Knees bend, arms stretch - and fall! Ice skating lessons from an expert
PUBLISHED: 12:00 20 December 2015
Ice skating is normally associated with elegance, sparkling costumes and a festive snowstorm – if you’re lucky.
In England, the snow can’t be guaranteed, but there are plenty of opportunities to enjoy some time on the ice.
One Havering resident who makes sure he does is Alan Paul, 69, from Upminster, who has been skating for more than 40 years.
He still has two lessons a week and kindly agreed to teach me the basics at Lee Valley Ice Centre, in Lea Bridge Road.
When I arrive at the ice rink, Alan has already been skating for two hours, including a 30-minute private lesson that morning.
Despite his early workout, he is still enthusiastically practising backwards twirls in the middle of the rink, as small children skated around him.
He smoothly skates over to greet me, making it look like the easiest thing in the world.
Then he refuses to let me begin my lesson until I “tie those laces again!” and zip up my coat properly.
Once we get onto the rink, I feel like a horse trying to rollerblade – that is to say, I ungracefully fall flat on my face.
Alan coaxes me away from the barrier and gives me a few tips to get me started.
To get moving, take small steps with your arms out straight, until you glide.
Make sure you’re not standing too upright, as this makes it easier to fall.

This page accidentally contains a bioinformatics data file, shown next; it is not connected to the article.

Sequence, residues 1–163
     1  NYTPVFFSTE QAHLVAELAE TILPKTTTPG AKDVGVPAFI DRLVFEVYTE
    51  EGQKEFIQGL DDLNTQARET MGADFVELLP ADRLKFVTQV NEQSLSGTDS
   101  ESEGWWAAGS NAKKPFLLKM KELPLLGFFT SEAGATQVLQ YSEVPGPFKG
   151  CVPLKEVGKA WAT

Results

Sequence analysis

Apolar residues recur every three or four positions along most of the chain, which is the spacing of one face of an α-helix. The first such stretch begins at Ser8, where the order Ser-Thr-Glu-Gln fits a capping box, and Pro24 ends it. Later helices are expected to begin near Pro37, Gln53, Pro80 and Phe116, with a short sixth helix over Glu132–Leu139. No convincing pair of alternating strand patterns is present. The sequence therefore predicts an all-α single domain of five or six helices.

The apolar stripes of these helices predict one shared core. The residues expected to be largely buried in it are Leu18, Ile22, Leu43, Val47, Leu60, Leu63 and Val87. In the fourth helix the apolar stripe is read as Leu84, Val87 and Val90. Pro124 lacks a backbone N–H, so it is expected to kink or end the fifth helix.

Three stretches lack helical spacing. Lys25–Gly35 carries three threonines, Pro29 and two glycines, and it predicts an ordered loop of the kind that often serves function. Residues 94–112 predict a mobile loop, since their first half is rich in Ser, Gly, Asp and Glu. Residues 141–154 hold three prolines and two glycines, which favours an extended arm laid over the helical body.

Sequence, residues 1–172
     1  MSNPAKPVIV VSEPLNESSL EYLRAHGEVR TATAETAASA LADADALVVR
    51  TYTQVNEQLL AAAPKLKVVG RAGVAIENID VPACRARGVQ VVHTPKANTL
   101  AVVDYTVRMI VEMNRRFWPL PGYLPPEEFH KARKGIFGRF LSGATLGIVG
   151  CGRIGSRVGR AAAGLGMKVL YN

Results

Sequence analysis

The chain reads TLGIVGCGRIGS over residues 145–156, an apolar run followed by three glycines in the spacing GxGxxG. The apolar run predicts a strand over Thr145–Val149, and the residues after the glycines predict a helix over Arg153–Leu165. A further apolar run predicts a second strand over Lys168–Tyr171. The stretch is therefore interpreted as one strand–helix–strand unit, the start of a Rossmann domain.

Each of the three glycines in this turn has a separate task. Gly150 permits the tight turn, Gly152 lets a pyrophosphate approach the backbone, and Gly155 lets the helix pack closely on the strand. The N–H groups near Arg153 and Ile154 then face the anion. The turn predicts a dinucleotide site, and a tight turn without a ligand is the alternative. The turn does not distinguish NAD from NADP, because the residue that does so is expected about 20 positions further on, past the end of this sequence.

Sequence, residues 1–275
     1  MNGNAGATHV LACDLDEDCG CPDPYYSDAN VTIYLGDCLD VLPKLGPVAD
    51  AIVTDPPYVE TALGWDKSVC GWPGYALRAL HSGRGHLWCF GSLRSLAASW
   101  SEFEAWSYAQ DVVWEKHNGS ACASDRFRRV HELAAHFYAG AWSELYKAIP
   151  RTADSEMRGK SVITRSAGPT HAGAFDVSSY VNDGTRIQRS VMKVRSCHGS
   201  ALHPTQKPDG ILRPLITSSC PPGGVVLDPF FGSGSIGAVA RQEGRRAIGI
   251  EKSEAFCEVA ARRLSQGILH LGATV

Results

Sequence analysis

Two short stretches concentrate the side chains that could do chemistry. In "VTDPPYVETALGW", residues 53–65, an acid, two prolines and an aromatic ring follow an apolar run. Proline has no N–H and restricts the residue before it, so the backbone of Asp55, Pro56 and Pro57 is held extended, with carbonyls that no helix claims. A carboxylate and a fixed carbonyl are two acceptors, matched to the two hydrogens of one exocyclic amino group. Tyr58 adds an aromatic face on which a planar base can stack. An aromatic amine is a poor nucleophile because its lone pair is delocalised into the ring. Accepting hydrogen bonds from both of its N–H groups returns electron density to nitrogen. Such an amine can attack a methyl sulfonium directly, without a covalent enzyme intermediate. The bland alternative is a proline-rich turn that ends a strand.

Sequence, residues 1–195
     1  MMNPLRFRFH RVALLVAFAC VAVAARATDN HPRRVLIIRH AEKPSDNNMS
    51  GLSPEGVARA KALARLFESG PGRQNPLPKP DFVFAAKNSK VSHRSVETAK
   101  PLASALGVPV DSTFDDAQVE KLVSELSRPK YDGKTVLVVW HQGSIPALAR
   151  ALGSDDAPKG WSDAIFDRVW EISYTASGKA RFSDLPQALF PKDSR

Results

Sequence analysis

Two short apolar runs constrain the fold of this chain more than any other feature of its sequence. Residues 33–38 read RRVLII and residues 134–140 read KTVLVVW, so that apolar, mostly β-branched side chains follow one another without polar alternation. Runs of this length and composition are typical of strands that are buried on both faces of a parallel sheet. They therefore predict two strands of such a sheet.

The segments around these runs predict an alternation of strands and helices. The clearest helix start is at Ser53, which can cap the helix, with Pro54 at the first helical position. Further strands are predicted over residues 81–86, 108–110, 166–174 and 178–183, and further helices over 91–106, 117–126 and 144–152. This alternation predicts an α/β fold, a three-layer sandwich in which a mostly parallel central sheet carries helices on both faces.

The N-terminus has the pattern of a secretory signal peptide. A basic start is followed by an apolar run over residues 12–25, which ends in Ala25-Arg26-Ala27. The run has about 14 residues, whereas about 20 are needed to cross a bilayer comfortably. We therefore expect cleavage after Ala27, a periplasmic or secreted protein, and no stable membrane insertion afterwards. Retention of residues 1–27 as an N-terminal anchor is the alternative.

Keep your knees bent and your arms outstretched.
Once you are skating, bring your feet back to centre between each push, otherwise your feet end up travelling in different directions.
After a few tentative laps around the rink, I feel more confident about letting go of Alan’s hand.
He immediately speeds off and performs a twirling jump while I accidentally knock
over a group of five-year-old girls.
When I get back up, I feel determined that I will make it around the rink without stopping, or clinging to the barrier.
I came with grand ideas after watching videos of figure skating at the Winter Olympics in Sochi in 2014, and I’m determined I will at least give this a go.
As Alan watches me skate round, he offers encouraging advice.
“It doesn’t matter if you fall over as long as you get back up again.
“I go ice skating to keep fit, exercise and discipline my brain.
“I’m nearly 70 years old so I’m always telling everyone
else that they have no excuse!”
With that in mind, I manage to skate around the rink three
times, without falling over.
Obviously I was sped past by several children and wobbled a lot, but I can proudly say my first time was a success!
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